When Rabbi Jeremy Fine was growing up in Deerfield, his dream was to become a rabbi and serve the Chicago Jewish community.
Now, his dream is coming true.
After nine years as the senior rabbi at the Temple of Aaron in St. Paul, MN, Fine will return to the Chicago area in July to serve as the rabbi of Congregation B'nai Tikvah in Deerfield.
"I'm very proud of Chicago Jewry and the Judaism it presented to me, and I always wanted to be a part of giving back to the next generations," said Fine. Growing up, he attended Solomon Schechter day school, Camp Ramah, Camp Chi, and Ida Crown Jewish Academy, and participated in the JCC Maccabi Games. "All of these experiences allowed me to see a depth and breadth of Jewish life. It was vast and connected and meaningful."
B'nai Tikvah is not the synagogue Fine grew up attending -- which is an opportunity to "come home, but serve a new community," Fine said. It's also a chance for him to "be seen as a rabbi, not a kid" after years of synagogue involvement.
Fine sees being a pulpit rabbi as "one of the last true renaissance jobs" where a single day can include a baby naming, mourning the loss of a congregant, raising funds, and hosting an event. This diversity of experience inspired Fine to change his focus from becoming a head of school at a Jewish institution to serving as a pulpit rabbi.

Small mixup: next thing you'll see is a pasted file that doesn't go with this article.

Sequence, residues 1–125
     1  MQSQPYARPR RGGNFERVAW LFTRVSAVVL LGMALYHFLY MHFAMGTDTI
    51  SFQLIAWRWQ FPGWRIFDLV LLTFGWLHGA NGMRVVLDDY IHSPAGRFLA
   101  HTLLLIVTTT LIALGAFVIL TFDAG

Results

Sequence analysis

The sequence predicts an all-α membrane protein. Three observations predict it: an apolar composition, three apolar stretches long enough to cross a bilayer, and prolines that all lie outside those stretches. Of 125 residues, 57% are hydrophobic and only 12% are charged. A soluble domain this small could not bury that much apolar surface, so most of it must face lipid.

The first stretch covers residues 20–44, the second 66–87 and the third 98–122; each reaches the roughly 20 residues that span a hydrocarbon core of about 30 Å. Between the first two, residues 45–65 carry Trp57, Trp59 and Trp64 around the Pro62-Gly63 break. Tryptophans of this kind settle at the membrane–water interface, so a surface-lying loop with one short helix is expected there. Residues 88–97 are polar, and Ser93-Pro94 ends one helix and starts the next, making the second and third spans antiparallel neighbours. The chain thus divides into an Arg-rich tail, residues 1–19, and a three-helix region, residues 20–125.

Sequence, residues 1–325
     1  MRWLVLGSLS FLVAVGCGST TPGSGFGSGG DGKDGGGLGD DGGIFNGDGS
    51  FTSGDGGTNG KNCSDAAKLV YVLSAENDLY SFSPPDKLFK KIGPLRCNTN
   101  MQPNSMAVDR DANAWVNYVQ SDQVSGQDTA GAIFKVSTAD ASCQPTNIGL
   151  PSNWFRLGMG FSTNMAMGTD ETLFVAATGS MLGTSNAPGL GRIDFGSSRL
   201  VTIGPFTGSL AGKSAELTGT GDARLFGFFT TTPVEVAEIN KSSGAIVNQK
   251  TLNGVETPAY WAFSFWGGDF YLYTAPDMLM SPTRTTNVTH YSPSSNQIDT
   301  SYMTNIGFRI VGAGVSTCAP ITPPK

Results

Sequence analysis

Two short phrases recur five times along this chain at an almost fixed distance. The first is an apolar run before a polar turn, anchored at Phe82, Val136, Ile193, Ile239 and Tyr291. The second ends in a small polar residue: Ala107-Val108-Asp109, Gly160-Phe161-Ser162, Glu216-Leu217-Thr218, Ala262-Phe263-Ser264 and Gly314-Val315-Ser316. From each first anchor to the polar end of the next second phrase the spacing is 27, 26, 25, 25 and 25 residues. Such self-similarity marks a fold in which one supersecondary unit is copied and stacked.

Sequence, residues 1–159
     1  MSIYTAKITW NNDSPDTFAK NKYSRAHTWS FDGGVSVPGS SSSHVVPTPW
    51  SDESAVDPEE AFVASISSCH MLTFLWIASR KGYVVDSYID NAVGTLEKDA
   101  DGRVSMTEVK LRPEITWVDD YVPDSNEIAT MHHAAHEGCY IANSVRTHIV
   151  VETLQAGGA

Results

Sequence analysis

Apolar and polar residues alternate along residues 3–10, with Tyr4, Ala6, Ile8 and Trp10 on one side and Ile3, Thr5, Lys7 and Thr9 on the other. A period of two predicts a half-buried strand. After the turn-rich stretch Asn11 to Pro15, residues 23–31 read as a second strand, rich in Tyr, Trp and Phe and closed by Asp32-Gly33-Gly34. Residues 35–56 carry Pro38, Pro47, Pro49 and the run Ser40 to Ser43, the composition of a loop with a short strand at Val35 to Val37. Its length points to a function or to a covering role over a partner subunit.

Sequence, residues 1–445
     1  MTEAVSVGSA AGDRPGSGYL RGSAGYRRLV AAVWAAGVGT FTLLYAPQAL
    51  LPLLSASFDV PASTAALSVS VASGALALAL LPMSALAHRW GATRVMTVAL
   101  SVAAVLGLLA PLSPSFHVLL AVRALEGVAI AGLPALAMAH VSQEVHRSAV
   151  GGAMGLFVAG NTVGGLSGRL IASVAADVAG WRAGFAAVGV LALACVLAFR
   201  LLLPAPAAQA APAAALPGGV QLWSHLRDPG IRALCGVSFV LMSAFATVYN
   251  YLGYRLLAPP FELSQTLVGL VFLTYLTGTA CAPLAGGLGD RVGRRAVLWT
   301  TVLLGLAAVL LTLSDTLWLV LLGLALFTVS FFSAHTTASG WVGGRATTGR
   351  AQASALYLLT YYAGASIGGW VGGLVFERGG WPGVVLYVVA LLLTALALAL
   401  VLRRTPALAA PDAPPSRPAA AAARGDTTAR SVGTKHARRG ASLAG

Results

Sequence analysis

"I get to [share experiences] from birth to death, and I can have generations of a family in my synagogue. Working with people throughout their entire life excites me," said Fine, who is also eager to reconnect with rabbinical mentors like Rabbi Michael Siegel at Anshe Emet Synagogue and Senior Rabbi Michael Schwab at North Suburban Synagogue Beth El.
As the pandemic wanes, he hopes to be able to connect with his old mentors and his new congregation in person.
His first challenge will be figuring out what synagogue life will look like after over a year of staying apart. In the past, he has used innovative programming to involve young families in securing a Jewish future and draw in new congregants, strategies he hopes to continue along with his wife Jessica and two daughters.
"It's yet to be seen exactly how the pandemic will restrict not only my ability but also the community's ability to learn about each other and collaborate together," he said, "but I'm very hopeful that because people are getting vaccines, the science is winning, and I'll be able to be with people sooner rather than later."
In his last role, Fine spent a great deal of time "revitalizing a wonderful and historic Conservative synagogue," and he has similar ambitious goals for B'nai Tikvah. He focused on the "balance beam" of navigating a Conservative synagogue's place between tradition and change and helping both established synagogue members and newcomers to feel welcome.
Fine, who previously served a year as the rabbi of Beth El Synagogue Center in New Rochelle, NY, also studied in Israel and earned his rabbinical degree and a master's in Jewish education from the Jewish Theological Seminary. He earned his bachelor's degree at the University of Illinois, where he was Hillel president for three years and a member of a Jewish fraternity.
"I hope to reinvigorate synagogue life as we know it through presentation, programming, social networking, and collaboration," he said. "I'm really excited that there's an opportunity to do that in Deerfield and be part of the larger Jewish network of Chicago."